Have you fallen for the myth of calories in, calories out?
“To say that obesity is caused by merely consuming too many calories is like saying that the only cause of the American Revolution was the Boston Tea Party,” visionary nutritionist Adelle Davis stated it in the 1950s.
The myth: Based on the science that a pound equals 3,500 calories, advocates of calories in, calories out suggest that in order to maintain weight you must burn the same amount of calories you consume. In order to lose a pound you must create a deficit of approximately 3,500 calories.
Sounds sensible if you look at it strictly in terms of math. But, it doesn’t add up.
Think about this: Let’s say you consistently consume 100 extra calories a day — the equivalent of just one small chocolate chip cookie, 14 almonds or 28 baby carrots. By the end of one year you would gain 12 pounds. Yes! 12 pounds! That would also mean the converse is true. Shed 100 calories a day and at the end of a year you would weigh 12 pounds less. Clearly, it’s not so simple. I am willing to bet that even the most strident calorie counters are “off” by upward of 100 calories a day.
Let’s look at the science of weight control. A Harvard Medical School study published in the Journal of the American Medical Association demonstrates that increased sugar and reduced fat actually results in a substantial decrease in the number of calories burned.
Participants in the study had lost weight and agreed to follow low-fat, very-low-carb, and low-glycemic-index diets for a month each. Even though they ate the same number of calories on each of the three plans, all of the study participants burned about 300 calories a day less on the low-fat eating plan than they did the other plans.
“We’ve found that, contrary to nutritional dogma, all calories are not created equal,” says David Ludwig, who is also director of the Optimal Weight for Life Clinic at Boston Children’s Hospital. “Total calories burned plummeted by 300 calories on the low-fat diet compared to the low-carbohydrate diet, which would equal the number of calories typically burned in an hour of moderate-intensity physical activity.”
Dieters are also familiar with the phenomenon of losing more weight the few weeks of a diet and then losing less and less each subsequent week despite consuming and expending the same amount of calories until hitting the dreaded “plateau.” This is believed to represent a metabolic adaptation to prevent starvation. Your body slows down to conserve the reduced number of calories you’re eating.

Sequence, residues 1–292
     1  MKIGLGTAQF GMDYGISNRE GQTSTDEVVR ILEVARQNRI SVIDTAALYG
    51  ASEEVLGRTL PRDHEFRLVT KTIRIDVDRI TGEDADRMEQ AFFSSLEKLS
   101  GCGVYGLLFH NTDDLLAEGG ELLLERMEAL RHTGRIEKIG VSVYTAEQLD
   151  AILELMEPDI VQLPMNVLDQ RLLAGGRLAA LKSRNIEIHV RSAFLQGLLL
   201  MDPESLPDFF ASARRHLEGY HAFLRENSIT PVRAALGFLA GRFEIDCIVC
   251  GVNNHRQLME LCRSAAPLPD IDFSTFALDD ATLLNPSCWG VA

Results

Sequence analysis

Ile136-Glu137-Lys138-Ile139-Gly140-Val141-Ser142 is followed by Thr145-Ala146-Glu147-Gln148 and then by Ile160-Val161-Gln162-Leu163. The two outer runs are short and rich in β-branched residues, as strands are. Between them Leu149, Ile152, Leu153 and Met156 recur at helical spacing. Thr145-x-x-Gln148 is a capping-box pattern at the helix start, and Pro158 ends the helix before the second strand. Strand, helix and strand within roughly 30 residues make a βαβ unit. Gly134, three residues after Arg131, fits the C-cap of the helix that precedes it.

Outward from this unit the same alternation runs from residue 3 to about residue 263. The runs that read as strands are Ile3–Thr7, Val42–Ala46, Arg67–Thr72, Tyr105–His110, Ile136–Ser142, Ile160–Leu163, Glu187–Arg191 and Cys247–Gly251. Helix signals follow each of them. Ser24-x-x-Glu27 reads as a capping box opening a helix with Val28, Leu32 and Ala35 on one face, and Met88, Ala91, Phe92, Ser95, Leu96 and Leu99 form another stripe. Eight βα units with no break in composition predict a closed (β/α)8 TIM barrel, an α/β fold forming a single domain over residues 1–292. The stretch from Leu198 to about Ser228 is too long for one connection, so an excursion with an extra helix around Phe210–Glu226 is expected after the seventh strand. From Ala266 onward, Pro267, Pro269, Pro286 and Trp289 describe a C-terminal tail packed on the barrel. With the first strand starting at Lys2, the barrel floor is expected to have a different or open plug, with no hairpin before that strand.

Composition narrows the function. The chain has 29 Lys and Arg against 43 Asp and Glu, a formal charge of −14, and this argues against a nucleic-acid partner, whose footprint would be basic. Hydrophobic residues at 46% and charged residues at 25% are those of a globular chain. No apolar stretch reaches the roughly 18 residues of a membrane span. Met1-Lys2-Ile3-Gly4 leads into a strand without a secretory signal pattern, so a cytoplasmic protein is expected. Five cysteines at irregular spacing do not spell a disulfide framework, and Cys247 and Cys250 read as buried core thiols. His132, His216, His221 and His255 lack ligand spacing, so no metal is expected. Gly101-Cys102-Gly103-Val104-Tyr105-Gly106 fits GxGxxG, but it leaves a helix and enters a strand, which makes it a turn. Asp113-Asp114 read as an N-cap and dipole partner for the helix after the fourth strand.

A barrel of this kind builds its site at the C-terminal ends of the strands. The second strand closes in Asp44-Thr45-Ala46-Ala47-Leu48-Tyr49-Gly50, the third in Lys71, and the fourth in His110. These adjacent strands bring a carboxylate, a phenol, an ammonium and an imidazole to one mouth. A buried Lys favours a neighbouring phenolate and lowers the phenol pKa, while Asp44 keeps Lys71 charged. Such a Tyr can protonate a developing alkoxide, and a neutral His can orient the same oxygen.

There are other significant, scientific examples of why a calorie is not simply a calorie to our bodies:
Fiber reduces calorie absorption. Fiber is not absorbed by the body. It also reduces appetite. A person who increases their daily fiber intake will likely eat less. The calorie of a high-fiber food is not equal to the calorie of a low-calorie, low-fiber food.
Protein reduces appetite. Protein slows the time it takes for food to move from your stomach to your intestines, helping you feel full longer. Additionally, protein builds and maintains muscle mass, which utilizes calories. It also curbs your appetite by stabilizing blood glucose levels.
Timing of food affects calorie processing. In a study earlier this year in The International Journal of Obesity, researchers found that participants who ate late in the day lost significantly less weight than those who ate earlier in the day. Each group was given a similar diet, the same amount of sleep and similar caloric intakes and expenditures. As quoted in The New York Times, “Weight loss strategies, the authors wrote, should focus not just on calories and nutrients, ‘but also the timing of food.'”
Refined carbohydrates rob your body of efficiency and nutrition. Metabolism takes a giant hit from refined carbohydrates — sugars and starches stripped of their fiber, like white flour. The New York Times notes that when Dr. David Ludwig of Children’s Hospital Boston compared the effects of refined carbohydrates with the effects of whole grains in both animals and people, “he found that metabolism, which determines how many calories are used at rest, slowed with the consumption of refined grains but stayed the same after consumption of whole grains.”
Clearly it is time to dispel the calories in, calories out myth. A 100-calorie chocolate chip cookie is not the same at 100-calories worth of baby carrots. Next time you encounter a well-meaning friend, trainer or other professional, you will know that the math just doesn’t add up.
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Brody, Jane. Still Counting Calories? Your Weight-Loss Plan May Be Outdated. The New York Times. July 18, 2011. http://www.nytimes.com/2011/07/19/health/19brody.html?pagewanted=all
Mooney, Andrea. When A Calorie Is Not Just A Calorie. Harvard Gazette. June 27, 2012. http://news.harvard.edu/gazette/story/2012/06/when-a-calorie-is-not-just-a-calorie
O’Connor, Anahad. Really? Timing Of Meals Affects Weight Loss. The New York Times. Feb. 4, 2013. http://well.blogs.nytimes.com/2013/02/04/really-timing-of-meals-affects-weight-loss/?_r=0